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 10 Two Things I Learned Yesterday (Read 877 times)
butlersrangers
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Re: Two Things I Learned Yesterday
Reply #15 - Jul 31st, 2018 at 2:49am
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Years ago I did a lot of bullet casting, but, it was pure lead for CW Rifled-Muskets and Carbines and eventually, Rev. War Flintlock Muskets.
I was good at it, but, it was a necessary chore, like cleaning black powder arms. I didn't enjoy that part of the hobby.

Cast bullets with smokeless powder rifles is a relatively new area for me. 
I enjoy shooting and reloading a lot more than the 'Alchemy' and experimentation of Advanced Bullet casting. I prefer good and easy bullets, predictable results, and known successful 'recipes'. I guess, I am just lazy.

I sure do respect the guys that tinker and shoot cast bullets well, though! 
  
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Hamish
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Re: Two Things I Learned Yesterday
Reply #16 - Jul 31st, 2018 at 11:51am
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I hear you loud and clear!  I don't want a lot of mental gymnastics either.  Minimal fuss smelting, casting, and lubricating are a huge priority for myself also.

If so inclined, Roto-Metals will make alloy to your specification on demand! Cool

  
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badgeredd
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Re: Two Things I Learned Yesterday
Reply #17 - Jul 31st, 2018 at 8:40pm
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Thank you Hamish for the link to this sight. A big Howdy to all of you and a Hello to Madsenshooter.

Madsenshooter and I discussed the copper enhancement of bullet alloy several years ago on another forum. I really don't know what his alloy is or which babbitt type he uses. I have primarily used the type 2 babbitt because I have quite a bit of scrap that my Dad collected while working on the railroad. I have used type 1, 3, and 11. My experimenting has convinced me that 1/4% copper in a balanced alloy gives me the best results. More copper gives little improvement GENERALLY. That said, anyone that has gotten really good results with more, I'd like to hear from you.

It is an imperfect way to alloy the way I do because I make some assumptions. One of said assumptions is that clip-on-wheel weight lead contains about 3 1/4% antimony. For many my way will work well. I use an alloy calculator to arrive at my alloys. I have found that if one "balances" the alloy, few if any problems occur. By balanced I mean the tin content equals (or nearly so) the sum of the copper content and the antimony content. MY best results have been with an alloy of about 2 1/2 % antimony, about 0.15 to 0.2% copper and about 2.7x% tin. I would caution that a significantly higher tin content that the sum of the antimony and copper will cause problems with bullets stabilizing at their hardness and size for quite a long time (in one case,over 6 months and the alloy was still unstable); while keeping the elements in the proportion I gave will allow rather good stability after 2 week after being cast. I water drop or heat treat my casting to achieve maximum hardness for high pressure loads but your experience may differ.
If anyone would like more information on my experiences with copper enhanced alloys, please ask. Thanks for reading my short (?) summation of my experience with copper in bullet alloy.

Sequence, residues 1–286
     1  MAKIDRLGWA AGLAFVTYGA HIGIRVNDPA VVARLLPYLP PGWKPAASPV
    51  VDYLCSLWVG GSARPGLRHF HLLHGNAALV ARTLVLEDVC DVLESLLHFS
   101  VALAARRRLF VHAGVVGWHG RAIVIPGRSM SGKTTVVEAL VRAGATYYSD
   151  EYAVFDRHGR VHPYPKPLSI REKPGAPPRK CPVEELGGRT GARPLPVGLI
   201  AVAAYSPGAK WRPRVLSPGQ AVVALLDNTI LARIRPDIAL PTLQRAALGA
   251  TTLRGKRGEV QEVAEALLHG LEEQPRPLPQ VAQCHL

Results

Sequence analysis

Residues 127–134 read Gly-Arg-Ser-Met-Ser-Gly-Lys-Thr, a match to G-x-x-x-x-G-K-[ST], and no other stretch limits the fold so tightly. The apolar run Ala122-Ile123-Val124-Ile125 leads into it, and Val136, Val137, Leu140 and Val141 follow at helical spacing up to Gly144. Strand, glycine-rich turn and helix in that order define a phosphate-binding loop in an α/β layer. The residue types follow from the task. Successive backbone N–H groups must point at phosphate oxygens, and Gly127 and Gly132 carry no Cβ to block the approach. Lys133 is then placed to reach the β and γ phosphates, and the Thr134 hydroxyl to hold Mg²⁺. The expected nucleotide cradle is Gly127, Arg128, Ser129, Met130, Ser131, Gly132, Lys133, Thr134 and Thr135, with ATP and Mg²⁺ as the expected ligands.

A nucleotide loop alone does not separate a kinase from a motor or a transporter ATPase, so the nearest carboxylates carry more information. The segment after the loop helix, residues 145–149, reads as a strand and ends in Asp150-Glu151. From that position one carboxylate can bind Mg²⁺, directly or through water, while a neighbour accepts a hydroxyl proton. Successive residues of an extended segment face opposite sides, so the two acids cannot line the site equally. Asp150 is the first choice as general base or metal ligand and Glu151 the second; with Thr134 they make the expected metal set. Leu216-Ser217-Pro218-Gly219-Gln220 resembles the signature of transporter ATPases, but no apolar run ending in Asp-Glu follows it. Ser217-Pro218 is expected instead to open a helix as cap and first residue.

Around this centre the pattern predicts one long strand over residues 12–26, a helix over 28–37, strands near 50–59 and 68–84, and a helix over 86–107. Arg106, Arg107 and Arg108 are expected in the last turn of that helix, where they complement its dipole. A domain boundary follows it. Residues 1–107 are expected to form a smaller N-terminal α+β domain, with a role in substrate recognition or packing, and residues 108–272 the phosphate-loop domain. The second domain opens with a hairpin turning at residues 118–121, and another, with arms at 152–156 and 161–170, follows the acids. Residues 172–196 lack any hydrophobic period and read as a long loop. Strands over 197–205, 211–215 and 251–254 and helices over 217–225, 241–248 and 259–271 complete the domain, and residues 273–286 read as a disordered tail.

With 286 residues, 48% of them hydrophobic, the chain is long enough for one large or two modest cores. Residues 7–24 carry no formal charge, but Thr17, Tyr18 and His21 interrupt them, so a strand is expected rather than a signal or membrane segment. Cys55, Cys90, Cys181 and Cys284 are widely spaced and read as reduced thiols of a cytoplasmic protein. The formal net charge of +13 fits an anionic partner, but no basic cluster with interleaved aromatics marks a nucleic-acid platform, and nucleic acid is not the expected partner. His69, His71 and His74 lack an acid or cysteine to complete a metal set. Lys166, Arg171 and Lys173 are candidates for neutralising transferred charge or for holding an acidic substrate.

Edd
  
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madsenshooter
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Re: Two Things I Learned Yesterday
Reply #18 - Aug 1st, 2018 at 12:45pm
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Edd experimented with it a lot more than I.  I've simplified the matter and just use a few certain types of lead based babbitts that have a specific gravity of around 10, when I can get em cheap.  I may add a little pure lead to get the weight I want, not much.  I don't know the specific amount of copper in the alloy I use.
  
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Local Boy
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Re: Two Things I Learned Yesterday
Reply #19 - Aug 1st, 2018 at 2:49pm
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Just in case your hunting babbits... Roll Eyes

Here's some nice information about using babbits for bullet casting as well as a website that sells babbit metal.

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Man, I sure do learn a lot from you guys on the KCA forum!!! Smiley
  
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Hamish
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Re: Two Things I Learned Yesterday
Reply #20 - Aug 1st, 2018 at 4:19pm
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br,

This just came up in the For Sale on Cast Boolits.  Rotometals price is $21 per pound plus shipping,,,,,,.  Might want to move on it.

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madsenshooter
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Re: Two Things I Learned Yesterday
Reply #21 - Aug 7th, 2018 at 5:20am
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An interesting tidbit I learned about babbitt's came from a late 1930s patent.  Seems adding tellerium, a byproduct of lead smelting, makes a babbitt alloy that will work harden.  I size my bullets down in steps to give the bands a bit of that work hardening.  I don't know what all brands might have tellerium added though I suspect it became a standard practice to use it when the patent expired.  Work hardening babbitts may have played a significant role in the war effort.  Rich, genuine babbitts are tin based babbitts and have a very high percentage of tin.
  
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